This Sunday, AMC will air the sixth season finale of their popular zombie series, The Walking Dead. Based on the popular comic book series by Robert Kirkman, Tony Moore and Chuck Adlard, the show has been a ratings juggernaut for AMC. It also managed to transcend being reserved for horror fans and found an obsessive place in the hearts of millions of regular viewers. 14.5 million, to be exact. Unlike most shows, whose numbers simply plateau after the first few seasons, The Walking Dead seems to attract more and more viewers every year. In other words, it is a cultural phenomenon that shows no signs of stopping.
AMC’s companion series, Fear the living deadwill premiere its second season on Sunday, April 10. Fear the living dead only had about half the viewership of its more popular sibling in its inaugural season last year, averaging 7.6 million viewers per episode. Those numbers will likely increase in the second season, but it’s still too early to assess whether AMC will be able to build an audience for Fear as strong as the one they have for its sister series.
More fans of The Walking Dead will no doubt be listening for Fear This year. For them, the zombie train will continue to roll until summer. Those who disagree Fear, however, might feel a zombie-like void in their hearts next week. For those of you who just want even more zombie shenanigans to watch until The Walking Dead returns for its seventh season this fall, I got you covered!
Are you looking to start expanding your zombie obsession beyond the stories told on AMC, but don’t want to shell out big bucks on Blu-rays and DVDs of movies you haven’t seen? Fret not, because there are still plenty of undead streaming options at your fingertips, no matter which service you choose. Whether you subscribe to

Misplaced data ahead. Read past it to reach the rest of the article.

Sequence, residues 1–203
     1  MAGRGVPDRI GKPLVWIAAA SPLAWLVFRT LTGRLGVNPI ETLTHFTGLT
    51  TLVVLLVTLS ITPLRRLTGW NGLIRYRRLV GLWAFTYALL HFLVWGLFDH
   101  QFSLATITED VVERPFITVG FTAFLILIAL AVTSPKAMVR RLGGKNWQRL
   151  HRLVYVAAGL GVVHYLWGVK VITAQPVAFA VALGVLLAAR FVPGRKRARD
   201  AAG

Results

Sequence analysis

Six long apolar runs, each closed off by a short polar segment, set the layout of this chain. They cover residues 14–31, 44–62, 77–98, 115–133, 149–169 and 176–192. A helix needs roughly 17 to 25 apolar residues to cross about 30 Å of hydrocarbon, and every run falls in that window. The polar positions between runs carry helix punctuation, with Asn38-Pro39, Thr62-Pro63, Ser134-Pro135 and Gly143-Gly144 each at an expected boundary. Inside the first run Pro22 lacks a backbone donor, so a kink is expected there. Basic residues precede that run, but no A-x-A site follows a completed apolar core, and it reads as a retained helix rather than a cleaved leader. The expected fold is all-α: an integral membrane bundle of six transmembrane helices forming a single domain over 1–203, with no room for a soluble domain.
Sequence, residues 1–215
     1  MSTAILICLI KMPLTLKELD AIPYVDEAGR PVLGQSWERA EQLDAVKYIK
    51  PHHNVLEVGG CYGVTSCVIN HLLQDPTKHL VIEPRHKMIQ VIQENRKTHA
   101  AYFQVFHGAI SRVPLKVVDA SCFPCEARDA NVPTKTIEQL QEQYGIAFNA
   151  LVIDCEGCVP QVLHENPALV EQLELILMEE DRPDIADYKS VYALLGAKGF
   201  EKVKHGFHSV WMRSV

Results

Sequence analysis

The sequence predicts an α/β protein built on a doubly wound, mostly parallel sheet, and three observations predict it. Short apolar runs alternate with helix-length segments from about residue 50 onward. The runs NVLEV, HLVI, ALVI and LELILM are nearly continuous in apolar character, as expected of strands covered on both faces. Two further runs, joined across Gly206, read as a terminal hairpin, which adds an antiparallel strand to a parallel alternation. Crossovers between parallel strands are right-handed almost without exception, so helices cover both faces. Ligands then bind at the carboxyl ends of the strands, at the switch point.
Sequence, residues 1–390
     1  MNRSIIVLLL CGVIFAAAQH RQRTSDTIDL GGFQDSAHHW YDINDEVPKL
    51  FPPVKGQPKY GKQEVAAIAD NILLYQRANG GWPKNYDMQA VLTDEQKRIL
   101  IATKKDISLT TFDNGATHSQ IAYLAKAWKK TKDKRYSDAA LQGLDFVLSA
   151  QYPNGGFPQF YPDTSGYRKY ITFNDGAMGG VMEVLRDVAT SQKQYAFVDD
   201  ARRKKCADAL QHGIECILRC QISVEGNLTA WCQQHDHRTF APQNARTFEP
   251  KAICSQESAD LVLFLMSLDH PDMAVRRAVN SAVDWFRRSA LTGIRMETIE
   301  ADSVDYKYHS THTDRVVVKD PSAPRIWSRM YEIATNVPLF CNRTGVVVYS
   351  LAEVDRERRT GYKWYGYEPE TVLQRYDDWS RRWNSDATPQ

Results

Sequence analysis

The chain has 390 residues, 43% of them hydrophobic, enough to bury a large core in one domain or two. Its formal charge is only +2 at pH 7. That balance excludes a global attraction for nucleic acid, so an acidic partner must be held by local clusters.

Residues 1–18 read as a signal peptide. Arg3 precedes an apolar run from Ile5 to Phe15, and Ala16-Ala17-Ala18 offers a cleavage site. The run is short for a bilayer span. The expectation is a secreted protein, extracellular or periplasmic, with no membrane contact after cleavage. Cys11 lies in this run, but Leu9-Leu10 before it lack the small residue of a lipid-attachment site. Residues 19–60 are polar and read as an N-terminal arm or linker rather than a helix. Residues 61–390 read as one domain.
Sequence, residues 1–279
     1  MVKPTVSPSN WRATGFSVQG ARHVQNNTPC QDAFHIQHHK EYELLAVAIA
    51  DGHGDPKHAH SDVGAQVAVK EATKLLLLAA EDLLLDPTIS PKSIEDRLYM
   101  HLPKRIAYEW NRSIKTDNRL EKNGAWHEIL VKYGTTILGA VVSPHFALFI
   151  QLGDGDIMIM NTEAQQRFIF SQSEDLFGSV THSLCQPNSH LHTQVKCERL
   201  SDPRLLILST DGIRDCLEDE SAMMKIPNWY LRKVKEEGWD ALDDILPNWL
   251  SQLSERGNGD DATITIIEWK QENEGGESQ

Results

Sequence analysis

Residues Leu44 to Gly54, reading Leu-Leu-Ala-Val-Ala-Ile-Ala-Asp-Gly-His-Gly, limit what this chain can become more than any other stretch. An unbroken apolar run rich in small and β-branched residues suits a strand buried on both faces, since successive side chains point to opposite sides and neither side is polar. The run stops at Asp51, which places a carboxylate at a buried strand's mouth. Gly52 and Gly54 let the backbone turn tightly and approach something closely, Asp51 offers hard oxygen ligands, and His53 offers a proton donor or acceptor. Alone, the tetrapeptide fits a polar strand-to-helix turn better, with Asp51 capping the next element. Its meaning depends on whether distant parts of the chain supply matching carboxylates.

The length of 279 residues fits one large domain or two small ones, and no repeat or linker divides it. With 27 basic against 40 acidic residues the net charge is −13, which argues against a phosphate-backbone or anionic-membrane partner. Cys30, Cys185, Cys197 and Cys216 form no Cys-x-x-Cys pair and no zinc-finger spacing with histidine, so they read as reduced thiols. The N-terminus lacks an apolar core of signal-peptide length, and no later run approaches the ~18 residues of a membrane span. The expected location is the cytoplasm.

BATTERY (2012) – Available on Amazon Prime
Jeremy Gardner directed, co-wrote, co-produced and co-starred with fellow cinematographer Adam Cronheim in this absolutely stellar low-budget zombie offering. As much as people love zombie action on The Walking Dead when it comes, it’s the drama that outsells viewers of the series. People love these characters. A little like The Walking DeadGardner and Cronheim Battery takes its dramatic lineups from George A. Romero’s zombie cinema and populates its film with interesting characters who are on a personal journey. The best kinds of genre movies are those where the movie would still work if you removed the genre element (in this case, the zombies) and Battery fits a T perfectly. If you’re looking for some great characters roaming the zombie-infested countryside, look no further.
THE DAY OF THE DEAD (1985) – Available on Hulu
Speaking of George A. Romero, what would a list of suggestions like this be without at least one of his zombie classics in the rotation? Hulu has the third entry in its loosely connected series of Dead movies, The day of the Dead. Produced in the mid-1980s, it is the most macabre and nihilistic of films; filled with an epic sense of despair and dread from start to finish. The zombies themselves are terrifying, but nothing is more surprising than the inhumanity displayed between the humans themselves. Man’s worst enemy is himself, and few zombie movies illustrate that more clearly than this one. Day was considered a bit of a disappointment upon release, earning less than its two predecessors (Night of the Living Dead and Dawn of the Dead), but it still managed to gross $77.7 million worldwide ( adjusted). Not bad for a carnage-filled little zombie movie that cost under $8 million (adjusted) to produce.
DEAD SNOW (2009) – Available on Netflix
This Norwegian splatterfest is an energetic boost for the zombies. Taking a few pages from Sam Raimi’s cinematic playbooks (diabolical death) and Peter Jackson (Undead), this film brings his gruesome undead creations to life in a very fun slapstick (splatstick?) way. I expect nothing less from a film where Nazi zombies chase students in the mountains of Norway. Grossing just $2.4 million worldwide (adjusted) upon release, it still managed to prove itself on the home video circuit, eventually sparking a sequel. If you end up enjoying that, the big thing is this (even better) sequel, Dead Snow 2: Red vs. Dead (2014), is also available on Netflix.
DEMONS (1985) – Available on Hulu
Also hailing from the mid-80s, this zombie version of demonic forces. Born from the demented mind of Italian horror maestro Dario Argento (who produced Romero’s film dawn of the dead), demons is an absolute one of a kind horror effort. Filled with as much creeping, violent terror as the best efforts of the zombie subgenre, demons is a roaring ride to the end of the world and you have to search for it on Hulu, if you’re a subscriber. What if you’re not? Well, maybe this list will convince you to at least sign up for a trial subscription.
THE GRAPES OF DEATH (1978) (aka The Grapes of Death) – Available on Amazon Prime